Maker Uses Raspberry Pi Pico To Control Asphalt 8 Racer With Hand Gestures Alone

raspberry pi pico asphalt 8 2
We've seen some rather intriguing usage cases for Raspberry Pi-powered devices in recent months, but this latest development from Hriday Badot has our attention. Hriday posted his latest contraption to Reddit, which uses a Raspberry Pi Pico used in conjunction with an MPU-6050 module to control Asphalt 8: Airborne.

For those not familiar with Asphalt 8, it's an auto racing game that is quite popular on Android and iOS mobile platforms, although it is also Windows compatible. The most popular method for steering input on mobile platforms is tilting your device, which uses the built-in accelerometer. That's where Hriday's setup comes into play.

The MPU-6050 module is attached to his wrist and records his hand movements. All he needs to do is tilt his hand forward to accelerate and back to brake. Rotating his wrist left or right steers the vehicle. It also appears that he is using a quick, upward flick of the wrist to get a nitro boost. The gyroscope/accelerometer data from his hand gestures are then fed directly from MPU-6050 back to the Raspberry Pi Pico. The Raspberry Pico is connected to his Windows PC to serve as the dedicated control input for Asphalt 8.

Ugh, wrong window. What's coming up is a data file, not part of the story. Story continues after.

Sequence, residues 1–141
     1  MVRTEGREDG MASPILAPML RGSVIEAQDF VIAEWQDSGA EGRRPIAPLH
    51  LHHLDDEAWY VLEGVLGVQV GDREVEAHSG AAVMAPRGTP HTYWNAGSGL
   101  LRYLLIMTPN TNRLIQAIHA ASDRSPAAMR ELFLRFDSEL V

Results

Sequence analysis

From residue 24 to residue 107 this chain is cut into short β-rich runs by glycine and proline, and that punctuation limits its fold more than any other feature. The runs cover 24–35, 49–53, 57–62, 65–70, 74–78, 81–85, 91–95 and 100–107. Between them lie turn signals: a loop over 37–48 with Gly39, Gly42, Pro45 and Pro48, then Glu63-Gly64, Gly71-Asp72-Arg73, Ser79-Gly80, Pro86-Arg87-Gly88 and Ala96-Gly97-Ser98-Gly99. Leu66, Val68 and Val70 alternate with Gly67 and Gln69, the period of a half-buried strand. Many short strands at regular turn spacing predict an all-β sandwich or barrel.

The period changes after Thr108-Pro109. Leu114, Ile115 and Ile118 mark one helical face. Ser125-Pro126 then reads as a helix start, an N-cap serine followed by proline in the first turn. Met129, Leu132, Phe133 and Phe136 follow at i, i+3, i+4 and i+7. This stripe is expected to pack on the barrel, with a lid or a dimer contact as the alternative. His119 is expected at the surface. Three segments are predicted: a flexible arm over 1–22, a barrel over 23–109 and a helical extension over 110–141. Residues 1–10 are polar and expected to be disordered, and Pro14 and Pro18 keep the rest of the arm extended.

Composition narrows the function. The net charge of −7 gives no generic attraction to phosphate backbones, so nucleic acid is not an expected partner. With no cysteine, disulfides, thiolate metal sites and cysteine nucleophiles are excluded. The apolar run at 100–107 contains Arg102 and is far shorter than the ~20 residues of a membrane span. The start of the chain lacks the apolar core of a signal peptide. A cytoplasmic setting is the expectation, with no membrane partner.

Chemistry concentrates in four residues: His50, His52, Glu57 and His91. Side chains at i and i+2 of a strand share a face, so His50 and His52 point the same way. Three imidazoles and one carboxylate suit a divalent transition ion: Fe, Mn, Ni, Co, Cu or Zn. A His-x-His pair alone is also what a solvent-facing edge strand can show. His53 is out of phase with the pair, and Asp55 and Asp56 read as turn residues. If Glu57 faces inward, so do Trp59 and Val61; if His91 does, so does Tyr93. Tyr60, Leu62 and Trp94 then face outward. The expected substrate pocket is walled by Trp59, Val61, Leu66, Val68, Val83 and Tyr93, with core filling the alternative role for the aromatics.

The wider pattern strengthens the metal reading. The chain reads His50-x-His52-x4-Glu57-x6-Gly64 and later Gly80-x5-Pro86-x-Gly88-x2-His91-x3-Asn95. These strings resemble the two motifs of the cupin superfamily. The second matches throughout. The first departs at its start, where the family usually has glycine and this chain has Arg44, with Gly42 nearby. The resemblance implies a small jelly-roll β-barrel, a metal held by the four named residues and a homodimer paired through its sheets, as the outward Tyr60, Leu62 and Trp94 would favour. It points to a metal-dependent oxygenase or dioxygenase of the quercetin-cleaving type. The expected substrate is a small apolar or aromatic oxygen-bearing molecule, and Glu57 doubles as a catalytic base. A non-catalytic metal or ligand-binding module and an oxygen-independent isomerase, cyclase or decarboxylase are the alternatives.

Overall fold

While we must commend Hriday for his ingenuity in thinking up and implementing this wrist-controlled driving setup, we think he needs a bit more practice before being viewed as a serious competitive threat on the digital streets. To put it another way, if he were driving like this in the real world, he'd be pulled over by police within minutes and given a field sobriety test.

You can visit Hriday's blog to see a complete overview of how he got his setup operational and download the necessary code to make your own copy. He even has some ideas for future modifications, writing, "Theoretically, we can share the laptop screen to a VR like Google Cardboard or Oculus Rift and play Asphalt 8 in VR which is controlled by hand."

We love seeing exciting projects like this, and the Raspberry Pi community is full of great ideas like these that are ripe for other tinkerers to try out. Tell us what you think of Hriday's Raspberry Pi Pico + MPU-6050 in the comments below.